The room is orange, red and green with slogans all over—“Make good choices!” on the door, “A World of Friendship,” “Reach 4 the Sky” and “Writing Is Fun” on the walls. Small pictures are tacked on the board to the right, each labeled with an artist’s name. Picasso’s name is misspelled but what can you expect from a teacher who can’t tell “4” from “for”? She bustles around the room putting things away, styled straight from the 1950s like a little Betty Crocker, sniffling delicately as she goes, until a sharp rapping at the door interrupts her housekeeping. It’s Corryn (Julie Partyka). Miss Clark—Heather (Michelle Annette)—is sure she is mistaken. She tells Corryn so, that it’s impossible they have a meeting today, now, and tries to send her away. But Heather is wrong. Corryn does have an appointment for a parent-teacher conference; Heather just didn’t think she would keep it because the child in question is dead.
Johnna Adams’ “Gidion’s Knot” pits a mother seeking answers for her son’s suicide against a teacher determined, at all costs, to keep anyone from knowing things she thinks they can’t handle—likely because she herself can’t. “You want children to be something they’re not,” sneers Corryn. “Innocent. That is some ridiculous Victorian-era idea that we’ve inherited about childhood… Childhood is not a suspended state of innocence—it is the condition of rapidly losing innocence.” She is incandescent with wrath, wielding her rage like Grendel’s mother, screeching her desire to look the world in the eye and see it for the horror that it is. Heather, combed and scared, is no match for her, using words as they were never meant to be used, merely to paper over unsightly reality and fill the time before the authorities take control of the situation.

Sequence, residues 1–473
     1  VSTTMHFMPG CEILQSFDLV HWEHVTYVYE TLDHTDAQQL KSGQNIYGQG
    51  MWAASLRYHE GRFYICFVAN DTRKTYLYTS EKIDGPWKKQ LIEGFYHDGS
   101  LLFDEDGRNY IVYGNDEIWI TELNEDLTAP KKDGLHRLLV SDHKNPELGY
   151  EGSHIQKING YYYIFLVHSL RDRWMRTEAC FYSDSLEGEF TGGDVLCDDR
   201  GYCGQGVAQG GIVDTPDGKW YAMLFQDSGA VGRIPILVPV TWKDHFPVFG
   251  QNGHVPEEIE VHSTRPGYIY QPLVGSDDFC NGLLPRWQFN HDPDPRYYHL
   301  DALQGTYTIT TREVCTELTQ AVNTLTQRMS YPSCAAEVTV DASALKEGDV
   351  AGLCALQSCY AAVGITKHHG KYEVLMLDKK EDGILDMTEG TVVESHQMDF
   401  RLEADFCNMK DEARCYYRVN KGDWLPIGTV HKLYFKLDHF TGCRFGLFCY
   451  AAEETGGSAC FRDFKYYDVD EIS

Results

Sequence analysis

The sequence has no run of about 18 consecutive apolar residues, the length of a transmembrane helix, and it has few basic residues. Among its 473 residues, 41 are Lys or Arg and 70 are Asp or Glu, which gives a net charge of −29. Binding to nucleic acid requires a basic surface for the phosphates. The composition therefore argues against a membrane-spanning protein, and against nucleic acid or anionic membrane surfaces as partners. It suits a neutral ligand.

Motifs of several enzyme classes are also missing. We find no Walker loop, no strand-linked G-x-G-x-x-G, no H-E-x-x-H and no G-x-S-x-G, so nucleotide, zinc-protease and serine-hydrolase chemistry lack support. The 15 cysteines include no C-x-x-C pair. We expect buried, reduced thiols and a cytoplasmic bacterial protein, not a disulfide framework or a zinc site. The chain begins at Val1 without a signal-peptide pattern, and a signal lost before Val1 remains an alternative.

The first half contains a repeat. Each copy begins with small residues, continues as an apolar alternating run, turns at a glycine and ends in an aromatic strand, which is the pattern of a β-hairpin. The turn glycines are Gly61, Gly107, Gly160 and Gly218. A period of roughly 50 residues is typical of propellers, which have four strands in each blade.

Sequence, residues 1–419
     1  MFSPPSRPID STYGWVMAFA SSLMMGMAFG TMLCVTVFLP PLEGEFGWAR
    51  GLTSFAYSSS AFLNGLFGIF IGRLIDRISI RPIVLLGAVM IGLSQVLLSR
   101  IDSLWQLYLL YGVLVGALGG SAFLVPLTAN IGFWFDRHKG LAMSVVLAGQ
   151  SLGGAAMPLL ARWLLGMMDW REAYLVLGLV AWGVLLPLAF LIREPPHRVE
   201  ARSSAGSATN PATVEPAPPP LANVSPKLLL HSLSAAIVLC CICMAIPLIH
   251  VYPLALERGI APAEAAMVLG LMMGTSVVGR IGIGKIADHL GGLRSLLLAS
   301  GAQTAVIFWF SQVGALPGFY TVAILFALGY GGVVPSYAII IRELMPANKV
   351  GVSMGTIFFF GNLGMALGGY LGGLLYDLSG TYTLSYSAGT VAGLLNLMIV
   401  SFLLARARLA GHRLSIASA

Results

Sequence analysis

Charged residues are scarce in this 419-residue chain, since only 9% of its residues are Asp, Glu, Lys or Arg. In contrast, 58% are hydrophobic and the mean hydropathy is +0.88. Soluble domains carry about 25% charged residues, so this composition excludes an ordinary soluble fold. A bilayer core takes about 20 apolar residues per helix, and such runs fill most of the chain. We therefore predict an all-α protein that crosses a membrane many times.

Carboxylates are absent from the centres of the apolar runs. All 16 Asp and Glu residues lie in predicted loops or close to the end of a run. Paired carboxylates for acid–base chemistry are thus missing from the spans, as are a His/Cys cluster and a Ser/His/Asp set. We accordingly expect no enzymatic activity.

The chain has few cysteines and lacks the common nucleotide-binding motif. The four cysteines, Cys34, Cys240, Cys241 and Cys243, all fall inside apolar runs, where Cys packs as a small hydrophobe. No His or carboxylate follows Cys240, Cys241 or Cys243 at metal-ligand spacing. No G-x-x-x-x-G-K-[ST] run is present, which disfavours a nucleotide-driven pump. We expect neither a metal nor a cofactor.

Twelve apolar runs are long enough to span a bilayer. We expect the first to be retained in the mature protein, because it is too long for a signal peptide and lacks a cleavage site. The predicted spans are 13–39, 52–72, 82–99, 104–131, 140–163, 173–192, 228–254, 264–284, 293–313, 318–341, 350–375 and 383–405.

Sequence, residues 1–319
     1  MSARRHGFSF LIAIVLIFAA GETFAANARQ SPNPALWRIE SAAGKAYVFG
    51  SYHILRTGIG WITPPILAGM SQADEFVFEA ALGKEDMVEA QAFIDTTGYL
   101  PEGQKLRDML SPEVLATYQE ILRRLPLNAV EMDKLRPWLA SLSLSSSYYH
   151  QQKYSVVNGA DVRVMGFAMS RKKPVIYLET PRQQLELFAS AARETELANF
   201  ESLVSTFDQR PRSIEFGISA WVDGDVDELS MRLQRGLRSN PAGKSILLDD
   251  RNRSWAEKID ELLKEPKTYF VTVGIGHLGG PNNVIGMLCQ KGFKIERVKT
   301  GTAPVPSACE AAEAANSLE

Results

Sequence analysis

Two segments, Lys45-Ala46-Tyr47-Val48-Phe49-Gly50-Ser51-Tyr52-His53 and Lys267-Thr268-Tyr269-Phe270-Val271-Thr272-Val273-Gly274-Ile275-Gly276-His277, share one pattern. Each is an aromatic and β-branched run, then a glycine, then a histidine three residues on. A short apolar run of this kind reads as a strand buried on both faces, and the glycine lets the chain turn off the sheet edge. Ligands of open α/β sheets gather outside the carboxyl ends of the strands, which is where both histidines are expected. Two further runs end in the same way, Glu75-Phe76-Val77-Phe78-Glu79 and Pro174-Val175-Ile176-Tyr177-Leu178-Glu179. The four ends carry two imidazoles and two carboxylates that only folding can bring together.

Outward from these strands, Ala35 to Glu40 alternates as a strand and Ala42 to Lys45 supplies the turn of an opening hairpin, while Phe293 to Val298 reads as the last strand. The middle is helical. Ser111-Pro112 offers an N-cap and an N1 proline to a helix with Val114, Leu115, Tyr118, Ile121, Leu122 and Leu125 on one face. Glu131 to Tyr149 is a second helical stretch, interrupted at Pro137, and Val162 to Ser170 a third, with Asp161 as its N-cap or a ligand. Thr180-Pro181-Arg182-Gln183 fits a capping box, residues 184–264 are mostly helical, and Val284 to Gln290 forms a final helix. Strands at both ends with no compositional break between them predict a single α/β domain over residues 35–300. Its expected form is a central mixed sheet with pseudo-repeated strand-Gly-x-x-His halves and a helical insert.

This is blood sport for anyone who loves to see the square get bent, funny to cover up the sadness of losing a child before you got to know him well, incisive and furious with language. (Irene Hsiao)
Eclectic Full Contact Theatre at the Athenaeum Theatre, 2936 North Southport, eclectic-theatre.com, $25-$30. Through July 2.